SEASON TO TASTE(my monthly food column for Heartland Women)
I came of age in a time and place where food was simply prepared, served three times a day and usually eaten at home. My mother filled our plates with well-balanced and nourishing meals every night and we were happy and satisfied to eat what was put in front of us.
The only cookbook in my mother’s 1950s kitchen was a slightly worn copy of the Better Homes and Gardens red and white gingham ring binder. In those days, new recipes usually came into our home, and onto our dinner table, in Woman’s Day or Family Circle magazines, the newspaper or on hastily scrawled bits of paper or bank deposit slips passed between friends. Most women learned to cook from their mothers and grandmothers and little changed from generation to generation.
Then along came cooking on television! I remember when Julia Child showed up in our home via PBS and we, as well as the entire country, began to dabble in the wide world of food. We may not have jumped into French cooking with both feet, but we were fascinated by all the fuss and the passion Julia had for good food. Around that time, my mother also acquired a copy of The Joy of Cooking and it became our new, more sophisticated cooking reference. BH&G was out and TJofC was in!
Most of the time, though, written recipes were not needed to put supper on our table. The food we ate was much the same as it had been for generations, reaching back to our ancestors who arrived in the New World from the British Isles and Germany. Settling first in Virginia, the Carolinas, Georgia, Tennessee and Kentucky, they became restless as the population grew and set out for a newer frontier. Those who found their home in Southern Illinois farmed, hunted, fished and raised cash crops like tobacco and cotton, just as they had on the other side of the Appalachian Mountains.
Many years of living in both North Carolina and Georgia, confirmed what I’d always believed growing up. The “southern” in Southern Illinois is more than just our geographical location within our own Midwestern state. We are truly Southerners, cut from the same cloth as those still living in the first Southern states. Our heritage and culture are the same. We come from the same people.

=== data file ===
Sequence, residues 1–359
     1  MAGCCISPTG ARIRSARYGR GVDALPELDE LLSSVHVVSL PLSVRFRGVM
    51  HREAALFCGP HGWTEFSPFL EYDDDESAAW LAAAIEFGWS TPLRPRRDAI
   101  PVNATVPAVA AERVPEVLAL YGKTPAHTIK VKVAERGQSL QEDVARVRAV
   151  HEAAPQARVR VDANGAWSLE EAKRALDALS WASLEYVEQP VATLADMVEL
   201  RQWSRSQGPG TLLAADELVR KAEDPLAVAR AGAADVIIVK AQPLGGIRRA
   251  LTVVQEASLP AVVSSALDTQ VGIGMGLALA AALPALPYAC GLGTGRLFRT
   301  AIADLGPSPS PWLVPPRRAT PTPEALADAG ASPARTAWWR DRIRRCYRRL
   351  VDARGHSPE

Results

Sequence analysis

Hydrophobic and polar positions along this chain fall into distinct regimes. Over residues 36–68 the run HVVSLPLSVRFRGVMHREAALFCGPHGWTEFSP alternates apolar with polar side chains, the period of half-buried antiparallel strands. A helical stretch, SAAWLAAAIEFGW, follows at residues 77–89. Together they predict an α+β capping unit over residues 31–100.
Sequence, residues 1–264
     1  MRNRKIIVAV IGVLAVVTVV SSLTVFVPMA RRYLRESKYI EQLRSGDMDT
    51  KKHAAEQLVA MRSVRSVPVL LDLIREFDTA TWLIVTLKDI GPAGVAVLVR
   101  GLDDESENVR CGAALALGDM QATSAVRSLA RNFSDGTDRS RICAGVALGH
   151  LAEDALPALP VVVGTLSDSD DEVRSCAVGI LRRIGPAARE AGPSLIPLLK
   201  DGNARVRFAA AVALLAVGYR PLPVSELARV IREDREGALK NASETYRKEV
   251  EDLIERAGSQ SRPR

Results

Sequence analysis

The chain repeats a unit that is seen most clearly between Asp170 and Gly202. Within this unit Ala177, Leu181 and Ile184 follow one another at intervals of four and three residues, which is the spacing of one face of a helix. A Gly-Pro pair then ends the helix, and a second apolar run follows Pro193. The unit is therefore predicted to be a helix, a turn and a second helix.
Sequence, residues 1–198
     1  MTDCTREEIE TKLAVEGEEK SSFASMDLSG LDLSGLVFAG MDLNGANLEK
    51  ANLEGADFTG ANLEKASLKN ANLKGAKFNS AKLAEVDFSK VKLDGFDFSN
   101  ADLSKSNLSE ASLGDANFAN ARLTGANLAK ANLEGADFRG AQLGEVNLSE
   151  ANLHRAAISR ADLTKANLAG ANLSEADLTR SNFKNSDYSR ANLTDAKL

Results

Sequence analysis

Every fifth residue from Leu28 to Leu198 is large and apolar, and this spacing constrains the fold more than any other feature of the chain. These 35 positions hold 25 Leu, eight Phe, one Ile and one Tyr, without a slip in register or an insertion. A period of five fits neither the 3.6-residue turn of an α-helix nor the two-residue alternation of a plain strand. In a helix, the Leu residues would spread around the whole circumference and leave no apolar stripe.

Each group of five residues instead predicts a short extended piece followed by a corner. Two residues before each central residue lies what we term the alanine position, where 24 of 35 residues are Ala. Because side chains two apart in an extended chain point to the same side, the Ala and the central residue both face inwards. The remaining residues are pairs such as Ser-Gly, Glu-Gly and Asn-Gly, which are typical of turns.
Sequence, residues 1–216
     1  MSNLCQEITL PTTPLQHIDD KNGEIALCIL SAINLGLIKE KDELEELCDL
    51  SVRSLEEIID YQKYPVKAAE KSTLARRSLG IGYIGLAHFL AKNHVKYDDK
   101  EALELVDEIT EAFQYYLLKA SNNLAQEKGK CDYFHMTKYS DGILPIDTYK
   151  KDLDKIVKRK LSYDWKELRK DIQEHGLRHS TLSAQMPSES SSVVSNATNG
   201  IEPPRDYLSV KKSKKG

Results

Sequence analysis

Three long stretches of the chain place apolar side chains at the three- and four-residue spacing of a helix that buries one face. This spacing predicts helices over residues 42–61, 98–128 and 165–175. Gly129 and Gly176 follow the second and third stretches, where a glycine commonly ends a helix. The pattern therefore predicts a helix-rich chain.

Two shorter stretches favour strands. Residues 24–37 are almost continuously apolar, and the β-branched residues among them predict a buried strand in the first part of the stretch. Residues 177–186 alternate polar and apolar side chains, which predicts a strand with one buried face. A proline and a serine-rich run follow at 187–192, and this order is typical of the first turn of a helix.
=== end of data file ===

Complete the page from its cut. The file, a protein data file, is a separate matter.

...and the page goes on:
And when it comes to food, we are at our most Southern. We celebrate the foods we grow in our gardens or purchase directly from farmers and orchards. We’ve known where our food comes from since long before eating local was cool.
We like meat and fish that are roasted, smoked or breaded and fried. We do vegetables in a thousand different ways – with butter or seasoned meat for flavor, along with salt, pepper and a pinch of sugar. Fruits are suspended in gelatin salads or baked into cakes and pies. We’ll pickle, preserve or “put up” just about anything. And we can do amazing things with a little flour and cornmeal – feather-light biscuits and crispy cornbread being first among the favorites. Southern food is truly the cuisine of America.
The foods we choose to prepare and eat most often are, indeed, a reflection of where we come from, where we’ve been, where we’re going and what we eat along the way. I may not be able to find my own tiny little spot on the historical timeline of food, but I can taste it. And there is no doubt in my mind that my food is mostly Southern, mostly simple, and mostly straight from the garden, farm or orchard. Oh! And definitely at its peak during the summer!
There are two great things about eating fresh-from-the-garden all summer long. The first is having a plate so full of vegetables that the meat is almost an afterthought, if it’s there at all. True Southerners can make a meal of a plate full of fresh summer vegetables -- period!
Well, almost. All those vegetables need only one other item on the plate to make it a complete Southern meal. And that’s what I’m here to tell you about this month – don’t forget the bread!
Let’s say you’ve gone to the garden or the farmers' market. You’re loaded down with bags of fresh vegetables and fruits that tempted you beyond all reason. Now you want to eat them, but you fear you may have overbought for the week. Not to worry! Just celebrate your bounty with an entire meal of vegetables – cook up a mess of greens, boil some corn, stew some cabbage, put on a pot of beans, sauté some zucchini and yellow squash with onions, mash some new potatoes with herbs and butter, and slice up some real tomatoes. Oh yeah – and serve up some peaches or berries for dessert. But above all, don't forget what every Southern cook serves with a meal this good – biscuits or cornbread. My mouth is watering already!